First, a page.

Barra lies off the western coast of Scotland, 220 miles from Glasgow. It can only be reached by a lengthy sea journey or an hour long flight. It is a, distant, outpost of the British Isles and is home to just over a thousand people. Cameron is now five, and his story has never wavered. He talks incessantly about his Barra family, his Barra mum and Barra dad. His Barra dad he explains was called Shane Robertson and he died when he was knocked down by a car.
He has become so preoccupied with Barra and is missing his Barra mum so badly that he is now suffering from genuine distress. Norma considers herself to be open-minded, and would like to find out if there is any rational explanation for Cameron’s memories and beliefs that he was previously a member of another family on Barra. Her first port of call is Dr. Chris French, a psychologist who edits The Skeptic magazine which debunks paranormal phenomena. Not surprisingly, he discounts any talk of reincarnation mooting that a child’s over-active imagination can be fed by the multitude of television programmes available and the easy access to the Web.
Norma is not convinced, she does not believe that Cameron has ever watched programmes that could have provided this information. Norma’s next step is a visit to Karen Majors, an educational psychologist whose speciality is children and their fantasy lives. She considers that Cameron’s accounts are very different to normal childhood imaginary friends.
It has become clear to Norma that there are no easy answers to the questions thrown up by Cameron’s memories. Cameron has asked, persistently, to be taken to Barra. Norma has finally decided to make that journey.
In the past 40 years there have been reports of over 2,500 children who claim to have memories of a past life. At the University of Virginia, a department has been set up to investigate these stories.
Psychiatrist, Dr. Jim Tucker, is the director of research and he says “This is a world-wide phenomenon and happens in places and families with a belief in reincarnation and in places and families without a belief in reincarnation, and in a number of the cases the child’s statements have been verified to be accurate.”. Many of the cases defy a simple, rational explanation.
Dr, Tucker has been speaking to Norma and following Cameron’s case with interest. “Well, Cameron’s case certainly sounds like a very promising one. He’s given the name of a place which, fortunately, turns out to be very small and he’s also given the name of a person. So, with all the details he’s provided, if we’re able to verify a match that would be quite intriguing”. To follow this case as it unfolds would be, for Jim, a unique opportunity. He will fly from Virginia to Glasgow to join Norma and pursue the story in person.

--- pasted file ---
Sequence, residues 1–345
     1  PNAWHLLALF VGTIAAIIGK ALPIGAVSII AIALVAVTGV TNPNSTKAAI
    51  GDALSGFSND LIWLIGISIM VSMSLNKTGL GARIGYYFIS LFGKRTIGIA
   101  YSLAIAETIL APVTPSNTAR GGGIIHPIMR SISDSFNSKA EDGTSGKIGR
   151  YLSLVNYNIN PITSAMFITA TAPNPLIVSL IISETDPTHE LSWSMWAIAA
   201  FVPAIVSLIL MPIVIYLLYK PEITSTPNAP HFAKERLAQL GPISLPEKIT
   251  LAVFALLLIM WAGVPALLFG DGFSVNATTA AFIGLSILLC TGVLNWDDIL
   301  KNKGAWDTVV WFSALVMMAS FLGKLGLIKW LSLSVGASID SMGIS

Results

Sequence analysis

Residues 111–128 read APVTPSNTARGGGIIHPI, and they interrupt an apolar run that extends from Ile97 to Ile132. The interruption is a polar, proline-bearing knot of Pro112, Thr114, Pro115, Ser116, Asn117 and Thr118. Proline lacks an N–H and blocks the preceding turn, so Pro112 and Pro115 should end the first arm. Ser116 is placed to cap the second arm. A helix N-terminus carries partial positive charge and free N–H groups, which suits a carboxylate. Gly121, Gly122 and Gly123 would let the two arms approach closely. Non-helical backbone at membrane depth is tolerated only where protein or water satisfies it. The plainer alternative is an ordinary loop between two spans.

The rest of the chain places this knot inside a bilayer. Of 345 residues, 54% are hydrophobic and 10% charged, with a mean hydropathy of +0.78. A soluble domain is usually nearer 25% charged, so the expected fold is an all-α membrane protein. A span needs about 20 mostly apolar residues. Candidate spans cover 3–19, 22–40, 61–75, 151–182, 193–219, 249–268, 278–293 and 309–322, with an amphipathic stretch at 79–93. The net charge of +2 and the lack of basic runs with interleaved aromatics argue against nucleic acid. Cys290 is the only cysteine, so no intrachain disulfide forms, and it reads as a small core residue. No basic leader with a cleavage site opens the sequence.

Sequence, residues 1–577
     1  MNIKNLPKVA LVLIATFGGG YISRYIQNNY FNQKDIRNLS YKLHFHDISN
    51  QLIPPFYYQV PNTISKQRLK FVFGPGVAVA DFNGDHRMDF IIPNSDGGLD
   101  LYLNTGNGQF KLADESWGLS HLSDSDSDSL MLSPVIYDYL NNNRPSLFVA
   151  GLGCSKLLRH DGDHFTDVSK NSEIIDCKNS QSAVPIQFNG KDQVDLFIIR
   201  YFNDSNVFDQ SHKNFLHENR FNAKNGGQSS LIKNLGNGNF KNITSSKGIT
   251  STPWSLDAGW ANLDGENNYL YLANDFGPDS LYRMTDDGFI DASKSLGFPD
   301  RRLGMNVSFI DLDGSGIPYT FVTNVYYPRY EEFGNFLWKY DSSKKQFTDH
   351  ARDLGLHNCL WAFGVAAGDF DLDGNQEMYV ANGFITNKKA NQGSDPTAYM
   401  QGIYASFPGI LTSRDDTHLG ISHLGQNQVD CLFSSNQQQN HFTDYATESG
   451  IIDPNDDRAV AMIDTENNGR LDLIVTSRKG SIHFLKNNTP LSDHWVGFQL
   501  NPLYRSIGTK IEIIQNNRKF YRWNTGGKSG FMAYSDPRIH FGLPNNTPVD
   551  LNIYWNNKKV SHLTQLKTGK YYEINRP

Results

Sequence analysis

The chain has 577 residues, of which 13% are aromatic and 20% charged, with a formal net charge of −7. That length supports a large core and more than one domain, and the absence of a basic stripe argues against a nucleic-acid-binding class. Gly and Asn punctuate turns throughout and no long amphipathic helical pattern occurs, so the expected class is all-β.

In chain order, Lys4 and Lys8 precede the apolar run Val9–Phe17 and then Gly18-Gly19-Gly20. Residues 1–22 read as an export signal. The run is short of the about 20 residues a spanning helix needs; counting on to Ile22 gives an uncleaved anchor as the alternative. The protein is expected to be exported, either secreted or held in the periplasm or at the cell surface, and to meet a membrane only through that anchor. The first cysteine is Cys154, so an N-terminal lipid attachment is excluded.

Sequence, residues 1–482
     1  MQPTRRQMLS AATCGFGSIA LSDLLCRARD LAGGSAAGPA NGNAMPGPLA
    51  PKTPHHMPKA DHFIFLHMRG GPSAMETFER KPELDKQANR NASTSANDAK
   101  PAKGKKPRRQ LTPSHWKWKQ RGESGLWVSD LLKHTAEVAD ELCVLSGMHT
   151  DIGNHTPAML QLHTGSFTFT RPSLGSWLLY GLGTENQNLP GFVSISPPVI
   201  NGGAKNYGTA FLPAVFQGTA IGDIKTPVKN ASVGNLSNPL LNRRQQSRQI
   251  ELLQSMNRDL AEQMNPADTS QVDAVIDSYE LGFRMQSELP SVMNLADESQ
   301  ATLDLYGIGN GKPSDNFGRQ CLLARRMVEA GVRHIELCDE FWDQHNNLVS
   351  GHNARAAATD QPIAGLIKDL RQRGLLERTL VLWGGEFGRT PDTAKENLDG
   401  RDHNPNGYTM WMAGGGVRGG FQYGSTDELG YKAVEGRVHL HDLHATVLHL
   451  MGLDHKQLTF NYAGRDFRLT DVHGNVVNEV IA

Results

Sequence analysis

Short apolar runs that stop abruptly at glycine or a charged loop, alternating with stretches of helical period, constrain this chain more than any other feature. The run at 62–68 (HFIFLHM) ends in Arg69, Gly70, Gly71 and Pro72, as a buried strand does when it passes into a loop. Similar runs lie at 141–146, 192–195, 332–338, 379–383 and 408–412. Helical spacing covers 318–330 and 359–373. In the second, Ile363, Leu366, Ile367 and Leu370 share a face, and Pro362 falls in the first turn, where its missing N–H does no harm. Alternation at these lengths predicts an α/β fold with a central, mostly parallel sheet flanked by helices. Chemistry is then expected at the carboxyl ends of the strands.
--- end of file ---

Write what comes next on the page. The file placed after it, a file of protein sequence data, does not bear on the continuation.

They took a small British Airways flight to Barra, Cameron was very excited. He claimed to recognise many parts of the island, but they were unable to locate the house. They visit the local heritage centre to look for any record of a Robertson family but Calum MacNeil, the local historian, cannot find any suh record.
Next morning they receive a telephone call from Calum, he has some new information. Calum’s records were only for properties owned by islanders, but there was a Robertson family from the mainland living in a white house, close to the sea, at the north of the island during the 60′s and 70′s.
They follow the directions to this house without telling Cameron where they are going. When they arrive at the house, the normally talkative Cameron becomes strangely quiet and subdued. They find rock-pools below the house and a gate to the beach, just as Cameron as described. They have found the house, but much of it has been modernised so is unfamiliar to Cameron.
Through a genealogist they trace a Gillian Robertson still living in Scotland. She would have been a child at the time Cameron remembers living there. She confirms that there was a black and white border collie at the house, but says that there has never been a Shane Robertson or any deaths in her family.
Much of what Cameron claims to remember, appears to be valid, but there are many more unanswered question which will remain an enigma.
Gus (August) Taylor
One of Dr. Tucker’s most celebrated cases is that of ten year old Gus Taylor from the American Mid-West who claims to have memories of being his own grandfather. His father recalls that when Gus was about one and a half years old, he was changing his diaper when, all of a sudden, Gus said “You know, when I was your age I used to change your diaper”.
On one occasion his mother asked him “When you were Grandpa Augie, did you have any brothers or sisters?” Gus replied “Yes, I had a sister, but she died”. She had been murdered, a fact that was never discussed within the family, so how could he have known about it?
For many in the West, reincarnation is an alien idea. Chris French believes that it’s simply a comforting illusion which helps some people avoid the difficult realities of death.